This flurry of volunteer activity raised O'Connor's profile and expanded her connections on the political scene in Arizona. Thereafter, doors started to open.

In 1965, she landed a job as an assistant attorney general for Arizona. In that role, she earned the good graces of Arizona Governor Jack Williams, who appointed her to a vacancy in the state senate.

She won re-election twice, which, to her three boys, was " no big deal" at the time.

" My brothers and I figured that our mum has a different job to the other mums, " Scott said. " But we didn't realise how unusual that was back in those days. "

On one occasion, O'Connor convinced her fellow senators to. Clearly, O'Connor commanded respect.

This clout, underpinned by her hobnobbing and won't-take-no-for-an-answer attitude, helped her break down the gender barriers in her path. Her first glass-ceiling breach came in 1973, when she was elected majority leader of Arizona's Senate. It was a landmark first for a woman in the US.

A year later, she switched gears from politics to law, winning election as a county judge in 1975 before her appointment to the Arizona Court of Appeals in 1979. Her rise was timely.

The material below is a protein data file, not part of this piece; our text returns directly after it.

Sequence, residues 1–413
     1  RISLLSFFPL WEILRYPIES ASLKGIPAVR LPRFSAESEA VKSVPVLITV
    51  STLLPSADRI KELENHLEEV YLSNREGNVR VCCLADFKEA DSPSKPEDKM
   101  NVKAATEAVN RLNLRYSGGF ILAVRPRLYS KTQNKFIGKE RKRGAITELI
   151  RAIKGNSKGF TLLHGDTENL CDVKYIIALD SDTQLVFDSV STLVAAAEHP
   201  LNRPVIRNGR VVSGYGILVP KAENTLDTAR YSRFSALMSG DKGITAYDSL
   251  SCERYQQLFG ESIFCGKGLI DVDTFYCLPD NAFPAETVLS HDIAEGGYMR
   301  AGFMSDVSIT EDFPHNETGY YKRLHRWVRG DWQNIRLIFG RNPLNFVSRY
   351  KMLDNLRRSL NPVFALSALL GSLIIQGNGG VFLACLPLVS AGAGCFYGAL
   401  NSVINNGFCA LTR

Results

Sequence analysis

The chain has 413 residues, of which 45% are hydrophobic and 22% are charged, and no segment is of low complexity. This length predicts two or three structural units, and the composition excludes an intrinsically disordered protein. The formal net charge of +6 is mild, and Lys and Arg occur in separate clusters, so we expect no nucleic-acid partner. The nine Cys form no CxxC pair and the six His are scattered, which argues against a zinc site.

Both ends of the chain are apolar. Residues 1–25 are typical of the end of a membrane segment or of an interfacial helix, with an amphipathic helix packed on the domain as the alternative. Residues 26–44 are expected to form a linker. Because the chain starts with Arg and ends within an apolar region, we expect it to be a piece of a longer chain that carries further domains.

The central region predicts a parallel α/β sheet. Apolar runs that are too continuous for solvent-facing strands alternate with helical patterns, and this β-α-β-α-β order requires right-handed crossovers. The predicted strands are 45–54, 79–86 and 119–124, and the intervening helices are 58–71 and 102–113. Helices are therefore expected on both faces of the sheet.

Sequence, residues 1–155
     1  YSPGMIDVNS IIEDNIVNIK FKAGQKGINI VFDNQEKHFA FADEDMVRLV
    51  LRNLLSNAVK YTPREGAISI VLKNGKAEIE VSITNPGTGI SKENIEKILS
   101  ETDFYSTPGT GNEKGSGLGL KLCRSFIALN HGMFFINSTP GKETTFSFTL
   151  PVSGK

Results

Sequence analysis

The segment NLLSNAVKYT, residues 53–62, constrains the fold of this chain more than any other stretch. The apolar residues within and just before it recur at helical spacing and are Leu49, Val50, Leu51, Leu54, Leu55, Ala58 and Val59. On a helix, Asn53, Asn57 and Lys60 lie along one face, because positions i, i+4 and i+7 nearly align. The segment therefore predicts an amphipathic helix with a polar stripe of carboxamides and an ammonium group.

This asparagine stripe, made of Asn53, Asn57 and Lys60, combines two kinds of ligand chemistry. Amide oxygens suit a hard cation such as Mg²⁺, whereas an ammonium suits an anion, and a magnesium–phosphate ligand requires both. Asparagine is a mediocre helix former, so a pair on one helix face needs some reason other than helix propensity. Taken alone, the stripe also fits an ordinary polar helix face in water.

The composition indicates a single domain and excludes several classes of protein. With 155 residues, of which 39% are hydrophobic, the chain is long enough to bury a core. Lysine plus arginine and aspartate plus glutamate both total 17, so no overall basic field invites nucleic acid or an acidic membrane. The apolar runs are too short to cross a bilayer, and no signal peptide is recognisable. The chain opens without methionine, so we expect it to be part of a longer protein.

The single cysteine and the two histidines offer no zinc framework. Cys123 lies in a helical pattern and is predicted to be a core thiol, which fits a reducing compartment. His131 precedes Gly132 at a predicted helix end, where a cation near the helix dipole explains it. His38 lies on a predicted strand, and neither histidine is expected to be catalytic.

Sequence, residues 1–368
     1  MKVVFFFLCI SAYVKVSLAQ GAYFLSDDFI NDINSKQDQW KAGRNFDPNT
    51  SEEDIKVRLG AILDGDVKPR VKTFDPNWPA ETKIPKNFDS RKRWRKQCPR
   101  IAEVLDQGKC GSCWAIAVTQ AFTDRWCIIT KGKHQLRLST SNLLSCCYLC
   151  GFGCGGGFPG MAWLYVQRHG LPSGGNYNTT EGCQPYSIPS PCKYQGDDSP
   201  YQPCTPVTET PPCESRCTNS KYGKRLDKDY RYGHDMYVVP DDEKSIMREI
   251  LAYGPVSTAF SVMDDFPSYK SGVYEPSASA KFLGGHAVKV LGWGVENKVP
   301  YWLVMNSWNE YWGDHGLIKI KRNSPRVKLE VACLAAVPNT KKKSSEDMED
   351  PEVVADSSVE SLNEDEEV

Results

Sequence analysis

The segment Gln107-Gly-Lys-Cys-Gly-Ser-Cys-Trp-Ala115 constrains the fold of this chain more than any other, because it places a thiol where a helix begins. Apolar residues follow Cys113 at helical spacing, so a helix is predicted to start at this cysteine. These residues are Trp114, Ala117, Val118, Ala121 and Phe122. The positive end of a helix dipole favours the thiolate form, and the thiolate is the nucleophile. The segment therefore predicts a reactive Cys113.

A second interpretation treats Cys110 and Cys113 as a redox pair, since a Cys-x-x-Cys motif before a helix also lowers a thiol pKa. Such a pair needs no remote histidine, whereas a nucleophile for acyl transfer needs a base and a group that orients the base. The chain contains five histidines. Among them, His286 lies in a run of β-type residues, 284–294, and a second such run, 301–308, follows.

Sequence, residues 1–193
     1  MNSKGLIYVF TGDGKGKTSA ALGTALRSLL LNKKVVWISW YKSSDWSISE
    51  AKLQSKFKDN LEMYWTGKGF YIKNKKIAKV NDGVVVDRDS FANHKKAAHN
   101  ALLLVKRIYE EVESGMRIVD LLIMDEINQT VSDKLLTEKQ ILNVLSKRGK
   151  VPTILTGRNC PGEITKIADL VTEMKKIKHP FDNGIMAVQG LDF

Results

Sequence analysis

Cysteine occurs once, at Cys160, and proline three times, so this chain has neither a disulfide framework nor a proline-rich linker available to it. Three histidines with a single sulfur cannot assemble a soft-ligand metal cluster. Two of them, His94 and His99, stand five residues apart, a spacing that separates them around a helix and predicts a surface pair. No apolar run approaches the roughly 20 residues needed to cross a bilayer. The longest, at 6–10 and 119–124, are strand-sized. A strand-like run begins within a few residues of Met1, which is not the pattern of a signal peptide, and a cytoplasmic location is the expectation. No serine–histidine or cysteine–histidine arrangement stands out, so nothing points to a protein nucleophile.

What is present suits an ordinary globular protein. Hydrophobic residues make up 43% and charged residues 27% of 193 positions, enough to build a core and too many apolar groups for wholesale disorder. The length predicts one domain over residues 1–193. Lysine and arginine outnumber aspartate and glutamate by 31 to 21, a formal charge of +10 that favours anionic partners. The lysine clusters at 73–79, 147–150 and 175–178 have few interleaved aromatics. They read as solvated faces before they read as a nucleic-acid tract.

The president picks 'a woman for all seasons'

Running for president in 1980, Ronald Reagan pledged to appoint the first woman to the Supreme Court. So when Reagan won the election, O'Connor, the ranch girl cum lawyer cum politician cum judge, was well placed to fill the next vacancy on the court.

O'Connor had supporters in high places, not least her old flame Justice Rehnquist,

A 15-minute interview with O'Connor at the White House was all it took for President Reagan to make up his mind. Charmed by her south-western disposition and impressed by her sharp intellect, Reagan named O'Connor - a " woman for all seasons" - his nominee in 1981.

Scott said his mum's nomination " was like being struck by lightning".

" It was hard to believe, " he said. His mum was taken aback too. " I had never been a law clerk there, I had never tried a case at court, " O'Connor told the International Bar Association.

Given the outcome of her Senate hearings - the first to be broadcast live on TV - she needn't have worried. Her nomination was largely well received by liberals and conservatives alike. The emphatic result of her confirmation vote, 99-0, reflected this.

O'Connor represented " a kind of bipartisan consensus about the American experiment and how we should govern ourselves" Hirshman, author of Sisters in Law, said.

" She came from Arizona, where… there was a lot of old-fashioned American consensus. Her confirmation hearings were a love fest. "

With O'Connor's nomination confirmed, " the brethren" lost their 191-year monopoly on the Supreme Court. A new dawn had broken.